And at last (as was inevitable) a candidate appeared who embodied that division, a candidate with no connection to coterie conservatism, a candidate wholly of heartland America, a candidate who was as much a challenge to traditional conservatives as she was to the left.

And so isolated had the Northeast Corridor conservatives become, so deeply embedded in their Jamesian parallel universe (which can best be pictured as kind of a conservative version of the old
Steinberg New Yorker cover, with E.35th St. and Allen Jay Lerner’s townhouse looming as the center of the earth while, off on the horizon, we see a dot labeled, “Nascar races”), that they couldn’t recognize her clear conservative stance, couldn’t recognize her personal courage, couldn’t, in the end, be bothered to stand with her when she and her family were victimized by the most repellent political attack of our epoch.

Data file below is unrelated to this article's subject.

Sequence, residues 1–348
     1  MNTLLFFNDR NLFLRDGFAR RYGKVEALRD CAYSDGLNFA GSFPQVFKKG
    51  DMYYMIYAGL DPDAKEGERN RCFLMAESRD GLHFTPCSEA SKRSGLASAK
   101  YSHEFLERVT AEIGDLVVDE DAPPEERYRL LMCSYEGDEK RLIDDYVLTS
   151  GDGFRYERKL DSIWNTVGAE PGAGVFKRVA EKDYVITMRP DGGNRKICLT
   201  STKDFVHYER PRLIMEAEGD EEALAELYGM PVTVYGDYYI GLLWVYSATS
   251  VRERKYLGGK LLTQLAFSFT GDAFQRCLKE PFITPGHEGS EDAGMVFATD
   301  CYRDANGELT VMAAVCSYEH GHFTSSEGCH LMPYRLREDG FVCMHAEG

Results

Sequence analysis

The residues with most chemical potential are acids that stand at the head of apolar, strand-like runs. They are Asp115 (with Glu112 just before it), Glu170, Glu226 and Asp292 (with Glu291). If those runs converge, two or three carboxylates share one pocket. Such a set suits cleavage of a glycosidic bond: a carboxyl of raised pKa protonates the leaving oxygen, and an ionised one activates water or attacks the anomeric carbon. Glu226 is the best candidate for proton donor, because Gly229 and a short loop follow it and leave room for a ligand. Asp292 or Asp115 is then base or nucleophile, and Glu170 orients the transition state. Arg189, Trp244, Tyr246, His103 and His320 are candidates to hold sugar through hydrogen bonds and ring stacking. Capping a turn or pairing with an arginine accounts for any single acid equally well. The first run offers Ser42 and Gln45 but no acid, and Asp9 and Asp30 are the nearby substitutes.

If they won’t recognize that, they won’t recognize anything. Living in a Northeast that is steadily combining aspects of a Third-World state and a suburban mall, they have lost sight of what America actually is. Huge gaps exist in their knowledge of the country. In the same way that liberals view the U.S. a racist, militarist monolith, the Northeast Corridor coterie view it as a cultural wasteland populated by backwoodsmen, halfwits who need to be guided by an enlightened but aloof elite. 

That’s what they saw when Sarah Palin stepped before the public. Not a superb example of the 21st-century American woman, knowledgeable, capable, and admirable, but a hick with a roughneck husband and a load of kids. Quite the opposite of what the rest of the country saw, and accepted, and will likely send to Washington this November.